“The right dress,” said MGM star Norma Shearer in 1934, “can triumph over any situation, build any mood, create any illusion, and make any woman into the sort of person which she most desires to be.” Every store display and shop window beckons with some version of the same promise: Buy this and become the person you want to be.
There’s a difference, however, between spotting the perfect office outfit in Banana Republic and imagining yourself bedecked in a beaded evening dress with chandelier earrings. One represents an attractive solution to a practical need, the other (for most of us, anyway) the allure of transformation: a new and better self in a new and better setting. One is appealing, the other glamorous. We want the dress for the very reason that it doesn’t suit our real life. It makes us imagine a different one.
“I fall for the awesome four-inch heels every time, hoping to strut around like an archetypal fashion girl,” said Joanna Jeffreys, fashion manager at Harvey Nichols, a couple of years ago in British Vogue. “But then morning comes, and the idea of running for the number 10 bus in my Alaïa stingray-skin platforms doesn’t seem so appealing.” She buys the shoes that reflect who she wants to be, only to find them inappropriate to who she really is. That’s glamour: a beautiful illusion promising escape and transformation.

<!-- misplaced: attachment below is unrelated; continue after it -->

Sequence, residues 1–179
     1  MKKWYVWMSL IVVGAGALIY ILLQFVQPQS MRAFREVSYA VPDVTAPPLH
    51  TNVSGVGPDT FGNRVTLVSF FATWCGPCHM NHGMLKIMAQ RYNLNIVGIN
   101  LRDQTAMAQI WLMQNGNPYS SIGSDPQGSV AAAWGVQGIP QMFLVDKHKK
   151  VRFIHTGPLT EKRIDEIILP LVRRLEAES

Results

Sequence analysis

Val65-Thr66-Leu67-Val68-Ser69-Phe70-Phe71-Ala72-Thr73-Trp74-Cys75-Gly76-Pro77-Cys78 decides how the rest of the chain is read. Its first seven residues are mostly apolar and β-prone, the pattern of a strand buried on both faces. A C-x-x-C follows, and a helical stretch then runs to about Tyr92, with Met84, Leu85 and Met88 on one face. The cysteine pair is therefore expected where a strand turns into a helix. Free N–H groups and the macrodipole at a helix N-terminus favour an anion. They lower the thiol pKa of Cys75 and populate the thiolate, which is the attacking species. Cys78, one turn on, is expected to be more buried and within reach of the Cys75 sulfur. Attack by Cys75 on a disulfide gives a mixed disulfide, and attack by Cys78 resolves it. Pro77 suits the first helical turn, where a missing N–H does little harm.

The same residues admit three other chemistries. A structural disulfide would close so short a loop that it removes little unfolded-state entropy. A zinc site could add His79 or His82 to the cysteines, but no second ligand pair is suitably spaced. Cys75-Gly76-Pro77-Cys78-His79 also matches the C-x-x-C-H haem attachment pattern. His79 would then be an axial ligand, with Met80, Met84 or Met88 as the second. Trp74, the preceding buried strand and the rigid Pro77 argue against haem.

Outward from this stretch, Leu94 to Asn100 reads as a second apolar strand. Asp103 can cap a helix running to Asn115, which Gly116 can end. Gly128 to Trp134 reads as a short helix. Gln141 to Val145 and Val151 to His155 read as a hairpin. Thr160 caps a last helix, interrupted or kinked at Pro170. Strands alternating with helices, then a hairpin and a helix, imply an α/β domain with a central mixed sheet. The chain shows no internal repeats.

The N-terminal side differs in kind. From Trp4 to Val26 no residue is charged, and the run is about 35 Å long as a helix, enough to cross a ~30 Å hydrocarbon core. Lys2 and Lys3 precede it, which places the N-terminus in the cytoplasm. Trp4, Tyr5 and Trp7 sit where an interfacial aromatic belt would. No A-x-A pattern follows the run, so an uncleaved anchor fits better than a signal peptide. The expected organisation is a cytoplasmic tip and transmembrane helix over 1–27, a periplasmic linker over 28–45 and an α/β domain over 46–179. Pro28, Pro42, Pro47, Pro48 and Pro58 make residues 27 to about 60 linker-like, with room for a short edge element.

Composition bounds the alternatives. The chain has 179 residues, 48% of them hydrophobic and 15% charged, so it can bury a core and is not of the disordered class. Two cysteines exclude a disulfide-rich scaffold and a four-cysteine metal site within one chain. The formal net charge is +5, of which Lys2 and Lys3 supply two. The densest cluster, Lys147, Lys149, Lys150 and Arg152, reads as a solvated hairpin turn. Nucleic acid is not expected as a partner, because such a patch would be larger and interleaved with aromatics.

Clothing and accessories aren't the only products that rely on such glamorous salesmanship. I’ve written elsewhere about the glamour of wireless technology, with its illusory pledge to set users free from desks, cubicles, electrical outlets, and, by implication, from bosses and deadlines. Nowadays, wireless technologies are quotidian essentials, but not so long ago they were glamorous.
Here’s another store display that traffics in glamour. (“AAH! i’d go so broke if i lived by there,” says a Flickr commenter.) To take notes, you can pick up a cheap pad at Staples. To imagine yourself an artist, however, you may prefer to buy one of the “legendary notebooks” of Moleskine. It's not just a tool. It's a promise, an emblem of the creative life. (Check out this shot of a Moleskine with other icons of the glamorous writerly life.)
I’m personally susceptible to the glamour of any display of narrow-lined notepads, whether generic office supplies or leather-bound versions with ties to Picasso and Hemingway. But, then, I really am a writer. I’m not looking to transform myself into a Lost Generation heroine, only to transform my thoughts and words into something more organized and permanent. I don’t want an emblem. I want a magic tool. So I have an office full of notebooks, every one a promise of transformation.